Two mothers sit on a park bench, watching their offspring on the playground. Mom #1 observes to Mom No. 2, “Your son is very intelligent.” Mom #2 sighs, shakes her head and responds, “Yeah, but he’s not interested in learning.”
This vignette perfectly encapsulates the relationship between artificial intelligence (AI) and machine learning. Although the two terms are big buzzwords in financial services marketing today, they’re not interchangeable. AI is the idea of machines being able to perceive the world, as well as think, reason, and make decisions just like humans. It uses complex algorithms to manipulate data, learn from it, and then decide on a subsequent action based on what has been learned.
AI is deployed to analyze and generate recommendations based on data that is too voluminous and complex for humans to digest regardless of the manpower assigned or where judgment calls are not needed.
Machine learning is the process of understanding the relationship between a set of outcomes and (typically) unstructured information, where there is no need to optimize the efficiency of the process because of the vast amount of computing power available. It differs from its cousin statistical learning in one key area, statistical learning uses the fundamentals of statistics to efficiently understand relationships, whereas machine learning can use almost every data combination to find the answer. Machine learning is the guts of AI.
Too few financial marketers understand the difference and connection between AI and machine learning. What’s more, although both technologies have been transforming the way financial institutions do business for some time, many marketers struggle to understand how their bank or credit union should be using these tools to help with customer acquisition and retention (and more).
Machine Learning in Action
Although marketers may not think of it this way, financial institutions, just like other companies, have been using machine learning for a while now.
For example, the job-testing technology used in employee recruitment is machine learning in action, and it’s an application of machine learning that’s proven highly effective. A study by the National Bureau of Economic Research (NBER) found hiring managers who used and paid attention to automated job testing when hiring low-skilled service sector workers had more successful outcomes and higher employee retention than those who ignored test recommendations.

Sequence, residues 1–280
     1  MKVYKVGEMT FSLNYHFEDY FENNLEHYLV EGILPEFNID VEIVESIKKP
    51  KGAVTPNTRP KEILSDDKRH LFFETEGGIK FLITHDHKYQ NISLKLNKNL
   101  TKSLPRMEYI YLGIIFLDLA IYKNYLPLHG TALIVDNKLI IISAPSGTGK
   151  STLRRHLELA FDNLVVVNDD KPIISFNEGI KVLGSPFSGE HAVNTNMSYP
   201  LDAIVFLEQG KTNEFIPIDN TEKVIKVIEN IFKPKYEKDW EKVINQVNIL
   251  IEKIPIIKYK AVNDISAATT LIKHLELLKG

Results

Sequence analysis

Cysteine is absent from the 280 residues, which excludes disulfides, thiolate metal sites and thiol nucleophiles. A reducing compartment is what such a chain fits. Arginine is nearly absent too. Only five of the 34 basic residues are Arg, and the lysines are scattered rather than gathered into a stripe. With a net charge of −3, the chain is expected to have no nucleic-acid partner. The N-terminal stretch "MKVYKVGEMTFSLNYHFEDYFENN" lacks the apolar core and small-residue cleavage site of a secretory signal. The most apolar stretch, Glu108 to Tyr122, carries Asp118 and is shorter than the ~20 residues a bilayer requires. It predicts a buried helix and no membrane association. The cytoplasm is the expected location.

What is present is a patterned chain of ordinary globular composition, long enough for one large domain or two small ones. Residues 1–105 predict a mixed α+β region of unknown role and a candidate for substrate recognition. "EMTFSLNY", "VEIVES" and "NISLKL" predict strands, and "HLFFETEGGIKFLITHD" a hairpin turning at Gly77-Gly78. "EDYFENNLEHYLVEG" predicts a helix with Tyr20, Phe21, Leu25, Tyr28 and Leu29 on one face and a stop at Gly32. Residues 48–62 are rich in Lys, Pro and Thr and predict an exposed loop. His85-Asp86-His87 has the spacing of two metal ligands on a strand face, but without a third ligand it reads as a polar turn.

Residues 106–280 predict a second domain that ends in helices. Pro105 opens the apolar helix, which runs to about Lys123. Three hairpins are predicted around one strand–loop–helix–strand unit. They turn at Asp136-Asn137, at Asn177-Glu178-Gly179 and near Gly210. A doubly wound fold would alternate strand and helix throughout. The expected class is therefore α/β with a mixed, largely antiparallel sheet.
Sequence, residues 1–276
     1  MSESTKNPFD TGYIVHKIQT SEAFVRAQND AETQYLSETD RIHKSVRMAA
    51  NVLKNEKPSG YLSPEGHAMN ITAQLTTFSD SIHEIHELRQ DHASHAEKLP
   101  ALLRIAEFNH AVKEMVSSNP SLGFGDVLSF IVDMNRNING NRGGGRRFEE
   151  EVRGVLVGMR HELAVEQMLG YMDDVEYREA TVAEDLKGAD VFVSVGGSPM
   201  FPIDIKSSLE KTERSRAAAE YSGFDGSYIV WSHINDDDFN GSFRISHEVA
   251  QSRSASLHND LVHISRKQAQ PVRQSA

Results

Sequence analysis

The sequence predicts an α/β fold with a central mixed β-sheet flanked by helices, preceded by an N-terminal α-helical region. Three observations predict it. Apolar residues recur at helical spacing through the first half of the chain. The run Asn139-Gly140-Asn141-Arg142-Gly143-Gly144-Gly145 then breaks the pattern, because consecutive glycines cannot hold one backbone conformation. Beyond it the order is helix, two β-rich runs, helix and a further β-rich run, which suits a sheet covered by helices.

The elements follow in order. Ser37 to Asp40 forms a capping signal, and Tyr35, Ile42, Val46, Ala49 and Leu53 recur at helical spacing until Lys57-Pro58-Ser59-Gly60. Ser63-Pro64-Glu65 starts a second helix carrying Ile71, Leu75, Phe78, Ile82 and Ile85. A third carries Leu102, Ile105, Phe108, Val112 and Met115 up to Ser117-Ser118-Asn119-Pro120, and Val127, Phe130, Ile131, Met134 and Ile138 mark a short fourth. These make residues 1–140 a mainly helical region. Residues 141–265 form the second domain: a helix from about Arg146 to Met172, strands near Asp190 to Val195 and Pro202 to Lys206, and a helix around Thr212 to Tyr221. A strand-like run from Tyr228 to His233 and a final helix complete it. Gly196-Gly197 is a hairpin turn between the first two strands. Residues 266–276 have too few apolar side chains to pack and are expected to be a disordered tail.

One of my favorite examples in the financial services sector is something that has been around for over 40 years, the FICO score. FICO’s computers are using complex algorithms to get a precise look into someone’s creditworthiness based upon a variety of factors:
Machine learning also plays a role in fraud detection, product recommendation, and much more.
Given the already powerful presence of machine learning in financial institutions, it’s a natural — and potentially highly profitable — progression to rely on machine learning to support marketing objectives.
Read More: Using Machine Learning To Multiply Your Digital Marketing ROI
Optimizing Marketing Through Machine Learning
Applying machine learning to marketing objectives can help financial institutions achieve better results. Here are four ways machine learning can help financial institutions optimize customer acquisition and retention efforts:
1. Offer and Click Optimization. Modern account holders expect a high level of personalization from every business they deal with, especially their financial institutions. Maximizing the relevancy of offers is a key aspect of personalization.
Machine learning can help optimize the customer experience, ensuring that every time a customer visits a financial institution’s website, stops in a branch, or engages on the phone, the bank or credit union will be able to provide them with the best possible journey — one that leads toward conversion and deeper engagement. New machine learning tools are available that can dynamically “tailor” a website based on the visitor’s past search history.